Posts tagged with "apple"

Phil Schiller Transitions into Reduced Role as Apple Fellow; Greg Joswiak Newly Appointed SVP of Worldwide Marketing

Apple announced a major change to its executive team today: Phil Schiller, who first started at Apple in 1987, is transitioning into a limited role with far fewer responsibilities, holding the title Apple Fellow. Schiller will retain oversight of the App Store and Apple Events, and continue reporting directly to CEO Tim Cook, but most of his current responsibilities will shift to Greg (Joz) Joswiak, who takes over the title of senior vice president of Worldwide Marketing.

Here’s Schiller on this significant day of transition:

“It has been a dream come true for me to work at Apple, on so many products I love, with all of these great friends — Steve, Tim, and so many more,” said Schiller. “I first started at Apple when I was 27, this year I turned 60 and it is time for some planned changes in my life. I’ll keep working here as long as they will have me, I bleed six colors, but I also want to make some time in the years ahead for my family, friends, and a few personal projects I care deeply about.”

Tim Cook remarks:

“Phil has helped make Apple the company it is today and his contributions are broad, vast, and run deep. In this new role he will continue to provide the incredible thought partnership, and guidance that have defined his decades at Apple”

Schiller has been one of the most visible members of Apple’s team for a long time, most notably owning primary responsibility for introducing new hardware at Apple keynotes, such as the latest iPhone models each year. His expected absence from future such occasions will mark a stark shift for the company.

Joswiak, who takes Schiller’s former role, is no unfamiliar face himself. He has over two decades of leadership experience within Apple, and in recent years has become a regular presence at Apple events as well. Despite being a major force within the company, however, Joswiak’s presence on the executive team represents a new level of leadership for him, and come with major new responsibilities.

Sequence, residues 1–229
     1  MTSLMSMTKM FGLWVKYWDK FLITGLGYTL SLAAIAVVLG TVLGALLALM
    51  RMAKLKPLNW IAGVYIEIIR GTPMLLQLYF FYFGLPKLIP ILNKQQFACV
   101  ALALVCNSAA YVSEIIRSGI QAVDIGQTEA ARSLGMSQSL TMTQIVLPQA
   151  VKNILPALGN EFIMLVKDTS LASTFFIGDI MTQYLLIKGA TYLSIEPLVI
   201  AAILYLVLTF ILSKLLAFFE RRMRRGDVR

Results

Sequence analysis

After many years of stability at the highest levels of leadership, time is finally catching up with Apple’s executive team. Chief Design Officer Jony Ive departed the company last summer, just a few months after Angela Ahrendts vacated her role as SVP of Retail. While today’s news follows a different pattern, since Schiller is remaining with the company despite his reduced role, so much change at the top of the organization feels very new for the modern Apple era.

As someone who began following Apple closely only about a decade ago, not long before the passing of former presentation chief Steve Jobs, I’ve seen a lot of Schiller product introductions and am really going to miss his presence for many keynotes to come.


Apple’s Tim Cook Publishes Open Letter Addressing Racism in America

Today, Apple CEO Tim Cook published an open letter addressing racism in America. In the letter, which is currently featured on the apple.com homepage, Cook explains:

Right now, there is a pain deeply etched in the soul of our nation and in the hearts of millions. To stand together, we must stand up for one another, and recognize the fear, hurt, and outrage rightly provoked by the senseless killing of George Floyd and a much longer history of racism.

That painful past is still present today — not only in the form of violence, but in the everyday experience of deeply rooted discrimination. We see it in our criminal justice system, in the disproportionate toll of disease on Black and Brown communities, in the inequalities in neighborhood services and the educations our children receive.

To play its part in combating racism, Cook says Apple will redouble its efforts on social programs and inclusion initiatives:

But we must do more. We commit to continuing our work to bring critical resources and technology to underserved school systems. We commit to continuing to fight the forces of environmental injustice — like climate change — which disproportionately harm Black communities and other communities of color. We commit to looking inward and pushing progress forward on inclusion and diversity, so that every great idea can be heard. And we’re donating to organizations including the Equal Justice Initiative, which challenge racial injustice and mass incarceration.

Cook’s letter is important not just as a statement of where Apple stands on racism but as an example of the sort of leadership role tech companies can take to address the systemic causes of it.